Internal Medicine

RMMJ Rambam Maimonides Medical Journal Rambam Health Care Campus 2018 April; 9(2): e0014. ISSN: 2076-9172
Published online 2018 April 19. doi: 10.5041/RMMJ.10334
Guest Editors: Benjamin Brenner, M.D., Amir Karban, M.D., and Avishay Elis, M.D

Managing Diabetes in Patients Hospitalized in Internal Medicine Units

Irit Hochberg, M.D., Ph.D.*

Institute of Endocrinology, Diabetes and Metabolism, Rambam Health Care Campus, Haifa, Israel


Diabetes and hyperglycemia are present in over one-third of inpatients in internal medicine units and are associated with worse prognosis in multiple morbidities. Treatment of inpatient hyperglycemia is usually with basal bolus insulin in a dose calculated by the patient’s weight, with lower doses recommended in patients who are at a higher risk for hypoglycemia. Other antihyperglycemic medications and insulin regimens can be used in selected patients. There are no adequately powered studies on the effect of improving glycemic control on hospitalization outcomes in non-critically ill patients in internal medicine units, and in most patients a modest glucose target of 140–180 mg/dL is recommended. A structured discharge plan should intensify antihyperglycemic treatment as needed and include an outpatient follow-up appointment shortly after discharge.

Keywords: Diabetes, hospital, hyperglycemia, insulin


Diabetes and hyperglycemia are present in up to 45% of inpatients in internal medicine units.13 In the majority of cases hyperglycemia is not the primary reason for hospitalization, but in many cases it contributes to the conditions that led to hospitalization, such as cardiovascular events, heart failure, renal failure, and infections. These diagnoses are all more prevalent in patients with diabetes, and the pathophysiology through which hyperglycemia causes or worsens these conditions has been well characterized.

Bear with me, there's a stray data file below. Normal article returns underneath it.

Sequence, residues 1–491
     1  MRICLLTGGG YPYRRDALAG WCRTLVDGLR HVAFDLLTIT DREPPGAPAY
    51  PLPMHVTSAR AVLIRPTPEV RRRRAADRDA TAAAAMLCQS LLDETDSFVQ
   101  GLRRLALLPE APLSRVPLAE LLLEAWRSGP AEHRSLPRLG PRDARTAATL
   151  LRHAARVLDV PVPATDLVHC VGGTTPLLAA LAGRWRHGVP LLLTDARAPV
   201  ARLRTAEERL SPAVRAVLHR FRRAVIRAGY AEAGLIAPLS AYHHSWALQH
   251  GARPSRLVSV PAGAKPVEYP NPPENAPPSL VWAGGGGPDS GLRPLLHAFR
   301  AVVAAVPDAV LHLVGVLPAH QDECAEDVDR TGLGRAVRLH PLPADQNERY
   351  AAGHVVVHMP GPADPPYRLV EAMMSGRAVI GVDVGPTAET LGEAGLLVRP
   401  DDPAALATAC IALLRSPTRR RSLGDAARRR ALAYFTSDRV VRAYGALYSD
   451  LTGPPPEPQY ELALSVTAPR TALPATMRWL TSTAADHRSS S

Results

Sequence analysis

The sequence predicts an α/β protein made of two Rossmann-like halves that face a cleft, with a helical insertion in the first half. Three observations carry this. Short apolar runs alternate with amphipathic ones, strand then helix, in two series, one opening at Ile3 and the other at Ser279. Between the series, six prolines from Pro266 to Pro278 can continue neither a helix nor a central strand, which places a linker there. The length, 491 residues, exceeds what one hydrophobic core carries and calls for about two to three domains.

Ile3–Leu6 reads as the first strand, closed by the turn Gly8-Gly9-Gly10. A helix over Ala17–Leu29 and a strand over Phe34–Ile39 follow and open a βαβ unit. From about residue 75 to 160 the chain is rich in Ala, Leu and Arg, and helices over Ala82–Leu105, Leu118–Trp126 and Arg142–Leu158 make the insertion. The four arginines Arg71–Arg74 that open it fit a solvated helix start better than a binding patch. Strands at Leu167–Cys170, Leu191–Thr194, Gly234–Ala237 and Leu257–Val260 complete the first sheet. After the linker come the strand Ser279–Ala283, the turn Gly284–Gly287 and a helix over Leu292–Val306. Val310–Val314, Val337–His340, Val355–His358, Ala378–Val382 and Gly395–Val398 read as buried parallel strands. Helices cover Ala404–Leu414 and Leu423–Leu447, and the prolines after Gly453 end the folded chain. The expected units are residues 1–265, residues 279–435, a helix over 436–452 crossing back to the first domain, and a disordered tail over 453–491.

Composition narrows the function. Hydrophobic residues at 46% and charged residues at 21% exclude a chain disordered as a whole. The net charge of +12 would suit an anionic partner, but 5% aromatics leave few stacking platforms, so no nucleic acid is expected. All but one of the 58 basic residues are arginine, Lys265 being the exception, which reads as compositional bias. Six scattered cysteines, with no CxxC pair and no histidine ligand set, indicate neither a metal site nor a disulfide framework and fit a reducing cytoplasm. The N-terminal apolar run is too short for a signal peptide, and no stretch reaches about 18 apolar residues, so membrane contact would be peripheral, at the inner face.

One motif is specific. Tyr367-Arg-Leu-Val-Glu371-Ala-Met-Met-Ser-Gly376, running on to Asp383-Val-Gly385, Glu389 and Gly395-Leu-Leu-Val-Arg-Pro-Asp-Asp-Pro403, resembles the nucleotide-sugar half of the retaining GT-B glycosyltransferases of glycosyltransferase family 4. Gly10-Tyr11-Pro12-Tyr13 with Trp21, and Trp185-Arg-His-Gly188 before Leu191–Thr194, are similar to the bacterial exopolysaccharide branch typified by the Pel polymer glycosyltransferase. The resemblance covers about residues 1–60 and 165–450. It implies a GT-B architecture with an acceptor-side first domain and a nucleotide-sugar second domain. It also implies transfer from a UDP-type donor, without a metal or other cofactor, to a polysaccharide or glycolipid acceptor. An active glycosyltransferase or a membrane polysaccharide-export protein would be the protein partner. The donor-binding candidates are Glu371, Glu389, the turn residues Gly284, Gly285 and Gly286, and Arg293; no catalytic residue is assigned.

Hyperglycemia is an unfavorable prognostic sign in patients admitted with a multitude of medical diagnoses common in patients hospitalized in internal medicine wards, including, but not limited to, pneumonia,4 stroke,5 myocardial infarction,6 and chronic obstructive pulmonary disease exacerbation.7


Subcutaneous insulin is the standard of care in most non-critical hospitalized patients.8,9 It is safe, there are no contraindications, and it has a rapid effect, which enables improvement in glycemic control in a few days. The flexibility conferred by insulin enables the nurse to take into account the level of glucose and the nutritional state of the patient for each insulin injection, leading to a safe and rapid improvement of hyperglycemia. The insulin regimen recommended by all guidelines for treating inpatient hyperglycemia in non-critical settings is basal bolus correction.8 An insulin order set consists of a once-daily subcutaneous basal insulin and thrice daily prandial rapid-acting insulin which is corrected according to glucose levels. A sample insulin order protocol appears in Box 1. The safety of this protocol in internal medicine units and its superiority over the now-extinct sliding scale insulin regimen used in the past have been demonstrated in the RABBIT-2 trial.10 Another safe and effective protocol, basal plus, consists of a once daily subcutaneous basal insulin and thrice daily correction.11 Insulin mixes lead to significantly more hypoglycemia episodes compared to basal bolus insulin in medical and surgical wards12 and should usually be avoided.

Box 1. Example of a Pragmatic Simplified Insulin Order Set in Internal Medicine

Glucose targets in most patients in internal medicine are 90–180 mg/dL. Targets can be lower in selected stable patients.